The interpreter the court has been waiting on shows up and checks in with the bailiff. A moment later Judge Shapiro takes the bench and greets everyone. He gives a nice "welcome back" to is court reporter. Matter number 7 on Judge Shapiro's calendar will be addressed first. It's concerning a probation hearing.
A bald attorney with a wicked six inch long scalp scar, nods to a man in the gallery and then check in with the court clerks. DDA Carney moves to the jury box to make room near the prosecution table. The interpreter is ready. The next case is called. The defendant, who is not in custody, is going to take a plea today. He will plead guilty to all three counts. It's either the judge or the DDA on the case who mentions that the defendant could serve seven years locally (that means, in the men's county jail).
Before the defendant can plead guilty, a series of questions must be asked of the defendant. The interpreter is answering for the defendant in English. The defendant is charged with selling cocaine, which is a violation of the California Health and Safety Code. The defendant is charged with selling methamphetamine, which is also a violation of the Health and Safety Code. He's also charged with having a false compartment (activity?) in a vehicle.
DDA: Do you understand these charges against you?
DDA: Did you discuss (the charges?) with your attorney?
DDA: Do you desire to plead guilty or no contest?
The DDA then tells the defendant, "I must advise you of your rights." He tells the defendant that if he went to trial, the maximum sentence he could receive would be eight years and four months in local custody. :You have a right to a court trial. ... You have a right testify and present witnesses."
I look over at Becker. Donald Re is sitting beside his client while this plea is going on. In the middle of the DDA's statement made to the defendant, there is an interruption and counsel are asked to approach. Becker has his left hand to his face, rubbing his chin, and sometimes covering his mouth with his fingers. He gives out a heavy sigh.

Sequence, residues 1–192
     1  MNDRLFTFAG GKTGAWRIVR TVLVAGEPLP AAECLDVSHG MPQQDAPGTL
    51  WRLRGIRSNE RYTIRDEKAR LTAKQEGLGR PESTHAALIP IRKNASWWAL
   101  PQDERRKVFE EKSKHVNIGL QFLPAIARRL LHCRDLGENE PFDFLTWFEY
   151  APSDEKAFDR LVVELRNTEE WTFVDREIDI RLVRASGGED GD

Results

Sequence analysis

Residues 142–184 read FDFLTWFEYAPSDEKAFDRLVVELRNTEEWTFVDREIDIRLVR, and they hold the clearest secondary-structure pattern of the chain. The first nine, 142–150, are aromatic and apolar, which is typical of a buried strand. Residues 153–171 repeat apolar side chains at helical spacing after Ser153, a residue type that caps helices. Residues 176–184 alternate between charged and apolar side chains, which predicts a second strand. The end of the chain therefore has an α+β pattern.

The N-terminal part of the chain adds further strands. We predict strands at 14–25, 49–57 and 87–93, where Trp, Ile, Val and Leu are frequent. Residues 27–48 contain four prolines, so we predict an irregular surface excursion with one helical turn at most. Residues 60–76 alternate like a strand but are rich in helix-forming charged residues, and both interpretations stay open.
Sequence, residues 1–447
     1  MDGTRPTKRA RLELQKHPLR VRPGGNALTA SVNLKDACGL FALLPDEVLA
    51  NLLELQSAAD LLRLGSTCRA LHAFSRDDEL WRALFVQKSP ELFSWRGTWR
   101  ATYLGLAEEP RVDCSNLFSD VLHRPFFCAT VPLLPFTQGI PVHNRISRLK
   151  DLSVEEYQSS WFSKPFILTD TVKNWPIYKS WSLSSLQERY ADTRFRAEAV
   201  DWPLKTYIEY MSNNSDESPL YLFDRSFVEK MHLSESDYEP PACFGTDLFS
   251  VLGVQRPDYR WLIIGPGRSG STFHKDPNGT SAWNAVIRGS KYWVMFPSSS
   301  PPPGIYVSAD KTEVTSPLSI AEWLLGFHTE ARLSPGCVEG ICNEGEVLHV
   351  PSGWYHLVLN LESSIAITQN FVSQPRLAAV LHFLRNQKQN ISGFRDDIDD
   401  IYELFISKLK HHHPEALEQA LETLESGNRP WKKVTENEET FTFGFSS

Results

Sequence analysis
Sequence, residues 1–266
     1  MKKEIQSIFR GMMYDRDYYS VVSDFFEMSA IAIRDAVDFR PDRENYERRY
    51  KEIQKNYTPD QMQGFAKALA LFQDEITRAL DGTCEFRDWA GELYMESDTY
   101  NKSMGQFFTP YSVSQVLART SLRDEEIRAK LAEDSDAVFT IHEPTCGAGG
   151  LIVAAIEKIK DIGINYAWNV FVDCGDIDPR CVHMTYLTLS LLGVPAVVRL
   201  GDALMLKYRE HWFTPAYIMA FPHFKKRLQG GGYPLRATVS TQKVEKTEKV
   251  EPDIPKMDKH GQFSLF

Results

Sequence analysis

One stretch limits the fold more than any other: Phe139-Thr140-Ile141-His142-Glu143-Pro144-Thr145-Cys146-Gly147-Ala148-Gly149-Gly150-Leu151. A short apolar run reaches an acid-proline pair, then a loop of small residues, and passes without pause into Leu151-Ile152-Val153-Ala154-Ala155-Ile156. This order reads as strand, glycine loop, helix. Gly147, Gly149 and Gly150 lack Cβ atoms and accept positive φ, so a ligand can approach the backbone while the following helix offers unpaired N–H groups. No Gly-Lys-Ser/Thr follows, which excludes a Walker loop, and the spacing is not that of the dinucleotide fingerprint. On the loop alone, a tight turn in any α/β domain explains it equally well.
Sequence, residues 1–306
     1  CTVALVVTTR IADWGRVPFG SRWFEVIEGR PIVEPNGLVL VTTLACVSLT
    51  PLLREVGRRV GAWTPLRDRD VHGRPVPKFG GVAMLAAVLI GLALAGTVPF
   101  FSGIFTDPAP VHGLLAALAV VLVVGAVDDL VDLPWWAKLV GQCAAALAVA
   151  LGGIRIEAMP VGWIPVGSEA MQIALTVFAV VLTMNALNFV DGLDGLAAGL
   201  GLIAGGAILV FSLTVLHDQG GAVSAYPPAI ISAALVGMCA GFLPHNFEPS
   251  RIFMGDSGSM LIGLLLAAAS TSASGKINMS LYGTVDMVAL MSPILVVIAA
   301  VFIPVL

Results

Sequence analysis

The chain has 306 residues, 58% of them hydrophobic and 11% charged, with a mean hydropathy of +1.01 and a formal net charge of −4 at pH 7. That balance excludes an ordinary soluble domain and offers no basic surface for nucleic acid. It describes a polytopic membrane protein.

Judge Shapiro passes sentence. "The court would impose a four year term total on count one. ... On count two and three, impose a bench term of two years." The counts would run concurrently. The initial DA's offer was five years. So this agreement with the court is a good deal for the defendant.
The defendant is ordered back on August 9th to surrender to the court. The court accepts the plea today and order him back. If the defendant doesn't show for the August 9th date, the court can impose a higher term. Everything is agreed to by the prosecution and the defense.
Now the DDA is back with the advising the defendant of the rest of his rights. I look over at Becker again. Becker had the tips of his fingers of his left hand, resting on his lower lip. It almost looked as if he was biting his nails, but he wasn't. It was obvious he was intently observing the plea agreement proceedings. Now, I see that Becker has the fingers of his left hand in front of his mouth.
Becker gets up to leave the courtroom for a moment. Re gets up from the gallery and takes a seat in the well. Judge Shapiro imposes a ($280.00?) fee and the defendant is required to register as a narcotics offender. The defendant's plea is clarified. He's pleading "no contest" to possessing over one kilogram of cocaine. Same plea for the methamphetamine and the false compartment.